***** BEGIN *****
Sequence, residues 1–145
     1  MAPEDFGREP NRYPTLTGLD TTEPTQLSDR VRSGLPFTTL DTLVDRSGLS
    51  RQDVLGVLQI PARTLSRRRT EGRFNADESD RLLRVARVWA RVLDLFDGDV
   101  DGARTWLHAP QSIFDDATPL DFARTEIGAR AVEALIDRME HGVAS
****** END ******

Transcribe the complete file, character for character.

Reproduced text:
Sequence, residues 1–145
     1  MAPEDFGREP NRYPTLTGLD TTEPTQLSDR VRSGLPFTTL DTLVDRSGLS
    51  RQDVLGVLQI PARTLSRRRT EGRFNADESD RLLRVARVWA RVLDLFDGDV
   101  DGARTWLHAP QSIFDDATPL DFARTEIGAR AVEALIDRME HGVAS